syndicate was purchased by United Feature Syndicate in 1979. Greene declined
United's contract due to unsettled copyright agreements, but people still write
her asking when Kisses will return to the comic pages. "If the newspapers
respond to public demand, it'll be back," Greene reassures us.
Kisses did very well without the funny
pages, thank you. Kisses is syndicated now only abroad in 22 languages, and it
thrives in the US on cards and some 65 additional licensed items.
Greene stepped out of manufacturing in
1983, when she affiliated with Mark I, a Chicago greeting card company, with
projected royalties of $250,000 a year. Mark I filed bankruptcy in 1985 and, a
year later, Greene became a manufacturer again.
Her personal approach and devotion to
simple principles - light-heartedness, integrity, generosity, warmth - make for
successful, if offbeat, business relationships.
In 1980, Greene applied to Miami's
Biscayne Federal Bank for a $200,000 loan to buy a house. Bank officials assured
her it was a cinch, but required her financial statements. Greene asked the bank
to approve the loan based on her sterling integrity and platinum credit. "That's
like a man who won't love you unless you undress", she explains. Although bank
officials were reluctant, Greene prevailed, supported by advice from an art
appraiser who valued the licensing life-span of just one of her card images at
But value beyond money led to her
newest venture. In 1981, at age 32, Greene became a foster parent, a $22-a-month
sponsor of a third world child. By age 33—having asked her friends to sponsor
their own foster kids for her birthday—she had six foster children. Now, she's
embarked on an innovative program that will benefit the overall Foster Parents
Greetings cards on sale must be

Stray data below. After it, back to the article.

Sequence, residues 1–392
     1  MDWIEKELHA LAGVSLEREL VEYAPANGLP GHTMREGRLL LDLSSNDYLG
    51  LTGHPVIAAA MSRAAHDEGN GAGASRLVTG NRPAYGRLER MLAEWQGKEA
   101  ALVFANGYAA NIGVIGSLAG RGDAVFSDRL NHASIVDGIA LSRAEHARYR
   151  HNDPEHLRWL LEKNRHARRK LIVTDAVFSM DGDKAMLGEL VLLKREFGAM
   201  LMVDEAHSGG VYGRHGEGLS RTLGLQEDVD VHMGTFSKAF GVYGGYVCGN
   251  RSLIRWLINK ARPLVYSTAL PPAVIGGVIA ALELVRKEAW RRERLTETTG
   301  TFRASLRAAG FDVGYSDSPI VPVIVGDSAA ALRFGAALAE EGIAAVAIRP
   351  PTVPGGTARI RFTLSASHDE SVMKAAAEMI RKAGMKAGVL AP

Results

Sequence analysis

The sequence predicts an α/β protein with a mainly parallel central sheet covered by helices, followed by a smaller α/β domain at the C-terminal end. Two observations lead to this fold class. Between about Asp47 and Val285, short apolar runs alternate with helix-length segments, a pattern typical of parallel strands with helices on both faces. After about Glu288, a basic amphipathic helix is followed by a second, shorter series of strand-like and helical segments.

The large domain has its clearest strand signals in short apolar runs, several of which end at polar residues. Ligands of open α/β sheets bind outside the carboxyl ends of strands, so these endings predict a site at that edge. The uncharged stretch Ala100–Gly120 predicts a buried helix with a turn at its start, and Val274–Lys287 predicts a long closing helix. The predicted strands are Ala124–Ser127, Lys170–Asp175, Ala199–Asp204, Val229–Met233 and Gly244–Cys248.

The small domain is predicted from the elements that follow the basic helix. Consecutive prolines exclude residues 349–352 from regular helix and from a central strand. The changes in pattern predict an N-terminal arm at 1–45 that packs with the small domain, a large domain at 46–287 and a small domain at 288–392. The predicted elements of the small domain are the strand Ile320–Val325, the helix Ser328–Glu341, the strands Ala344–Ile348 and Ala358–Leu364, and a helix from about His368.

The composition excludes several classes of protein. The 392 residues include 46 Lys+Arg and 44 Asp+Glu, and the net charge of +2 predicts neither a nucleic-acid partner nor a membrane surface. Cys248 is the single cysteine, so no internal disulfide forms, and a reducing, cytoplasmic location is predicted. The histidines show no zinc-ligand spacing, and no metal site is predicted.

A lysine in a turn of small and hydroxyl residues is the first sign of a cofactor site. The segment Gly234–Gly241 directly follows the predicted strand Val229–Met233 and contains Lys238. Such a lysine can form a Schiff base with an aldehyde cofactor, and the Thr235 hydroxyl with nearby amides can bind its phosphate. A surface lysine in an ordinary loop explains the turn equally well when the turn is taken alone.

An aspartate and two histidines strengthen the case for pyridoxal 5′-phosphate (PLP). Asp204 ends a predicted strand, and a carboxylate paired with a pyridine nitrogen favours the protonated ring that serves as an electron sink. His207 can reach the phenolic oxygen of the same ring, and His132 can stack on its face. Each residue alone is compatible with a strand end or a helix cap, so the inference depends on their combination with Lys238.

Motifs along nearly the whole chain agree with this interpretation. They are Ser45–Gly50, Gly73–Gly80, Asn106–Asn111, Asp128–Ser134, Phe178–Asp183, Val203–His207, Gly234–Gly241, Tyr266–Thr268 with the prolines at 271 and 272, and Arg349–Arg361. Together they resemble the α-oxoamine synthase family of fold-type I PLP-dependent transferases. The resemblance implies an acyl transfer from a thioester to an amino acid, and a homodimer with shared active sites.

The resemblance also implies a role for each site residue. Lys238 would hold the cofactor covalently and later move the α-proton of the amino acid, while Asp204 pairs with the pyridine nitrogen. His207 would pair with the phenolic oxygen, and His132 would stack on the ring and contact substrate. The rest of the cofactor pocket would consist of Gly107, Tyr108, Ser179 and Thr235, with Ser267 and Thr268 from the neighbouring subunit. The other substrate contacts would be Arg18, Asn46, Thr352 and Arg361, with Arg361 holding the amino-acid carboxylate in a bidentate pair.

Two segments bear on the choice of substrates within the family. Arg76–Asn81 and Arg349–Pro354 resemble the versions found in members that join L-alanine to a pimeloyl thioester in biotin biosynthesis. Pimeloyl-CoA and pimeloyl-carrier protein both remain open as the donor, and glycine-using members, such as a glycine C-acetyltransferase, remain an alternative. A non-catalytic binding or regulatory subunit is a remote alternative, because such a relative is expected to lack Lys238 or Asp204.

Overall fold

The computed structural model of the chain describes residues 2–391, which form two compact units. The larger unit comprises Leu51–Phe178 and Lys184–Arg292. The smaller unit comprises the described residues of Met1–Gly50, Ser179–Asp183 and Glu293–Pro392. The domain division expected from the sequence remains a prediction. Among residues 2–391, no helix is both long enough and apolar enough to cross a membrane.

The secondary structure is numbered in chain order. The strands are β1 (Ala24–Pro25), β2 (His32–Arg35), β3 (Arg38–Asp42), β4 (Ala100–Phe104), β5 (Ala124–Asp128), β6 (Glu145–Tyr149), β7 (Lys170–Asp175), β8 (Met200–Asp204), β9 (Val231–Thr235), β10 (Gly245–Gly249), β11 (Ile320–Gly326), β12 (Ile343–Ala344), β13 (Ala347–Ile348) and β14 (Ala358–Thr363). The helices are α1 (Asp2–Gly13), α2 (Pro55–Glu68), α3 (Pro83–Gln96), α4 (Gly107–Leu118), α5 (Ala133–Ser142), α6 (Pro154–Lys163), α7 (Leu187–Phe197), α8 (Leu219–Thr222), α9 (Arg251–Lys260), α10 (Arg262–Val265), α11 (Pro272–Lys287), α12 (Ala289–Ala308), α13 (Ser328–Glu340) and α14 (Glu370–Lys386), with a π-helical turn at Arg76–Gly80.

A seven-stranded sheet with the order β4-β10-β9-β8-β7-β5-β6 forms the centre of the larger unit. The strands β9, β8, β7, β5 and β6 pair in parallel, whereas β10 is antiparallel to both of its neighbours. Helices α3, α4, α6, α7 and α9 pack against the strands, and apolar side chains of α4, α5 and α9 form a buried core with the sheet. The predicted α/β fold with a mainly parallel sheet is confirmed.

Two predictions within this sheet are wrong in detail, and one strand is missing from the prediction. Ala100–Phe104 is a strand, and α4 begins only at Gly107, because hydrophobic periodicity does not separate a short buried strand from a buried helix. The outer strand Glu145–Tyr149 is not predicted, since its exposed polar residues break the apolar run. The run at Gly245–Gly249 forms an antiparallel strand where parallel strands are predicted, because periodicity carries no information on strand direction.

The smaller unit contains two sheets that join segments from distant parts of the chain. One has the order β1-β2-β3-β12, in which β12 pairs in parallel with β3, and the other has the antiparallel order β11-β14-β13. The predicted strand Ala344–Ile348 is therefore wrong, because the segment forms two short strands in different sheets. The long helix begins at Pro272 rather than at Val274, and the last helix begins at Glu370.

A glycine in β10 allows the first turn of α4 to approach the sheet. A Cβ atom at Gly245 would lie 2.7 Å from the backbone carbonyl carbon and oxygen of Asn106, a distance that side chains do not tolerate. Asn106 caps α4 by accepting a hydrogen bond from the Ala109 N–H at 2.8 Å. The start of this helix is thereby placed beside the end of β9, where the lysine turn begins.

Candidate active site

inventoried, store by store, week by week. Instead of paying store clerks to
count her Kisses cards, Greene is rewarding Foster Parent Plan volunteers. For
each month that a volunteer counts cards, Greene's company will sponsor a child
in the volunteer's name. This program is being launched in June in New York,
Boston and Miami and represents both a different approach to business and a
unique motivation for volunteerism.
"The volunteers will feel a real
commitment to the mission," Greene explains. "They'll know that because of their
input, a child will eat. The foster children and their families will have more
opportunities, and the volunteers can contribute time instead of money."
Buyers of Kisses cards become involved
as well, because the back of every 1987-edition card reads, "Thank you for
sharing Kisses—and contributing to the support of a third world foster child."
Greene's friend Woody Allen quips, "Being a Foster Parent is fun. You get
darling letters from wonderful, needy kids that you're helping and they live in
remote places so you never have to lend them the car."
Greene's other new venture is
chocolate-coated. Nestles chocolate, in fact. Sometime next year, perhaps by
Valentine's Day, Nestles will launch "Divine Chocolates". Each high quality
candy bar will come with a collectible Angelwishes decal designed by Greene.
Nestles vice president Allen J. Berger describes Greene as "The most unusual,
but by far the best business woman I have ever met." Why unusual? Perhaps
because she requested that he read
The Little Prince before she'd
seal the deal with Nestles. "The book describes what's real, what's a genuine
'matter of circumstance,' Greene smiles. "After all, we produce most effectively
with others who share the same purpose?"
What's next for Greene? What matters
of circumstance? A musical television feature is pending. It will be called
Rotunda Luvs Robert Redford, based on her character Rotunda and co-produced by
double Emmy winner Jay Poyner. Lavish retail outlets for her Kisses line are
scheduled to open first in Miami, Beverly Hills and New York, and later in
Geneva, Paris, Cannes, Milan and Tokyo. "We do more abroad than we do in the
U.S. with products other than cards," Greene explains.
Not all her travel is
business-related. Every now and then it's just time for R & R. At least once a
year, Vivian Greene heads for the airport with only a toothbrush, passport,
bikini and coat. And why not? Kisses, angels and teddy bears are welcome
Story by Erica M.
Rauszin, editor, Miami / South Florida Magazine. Released with permission.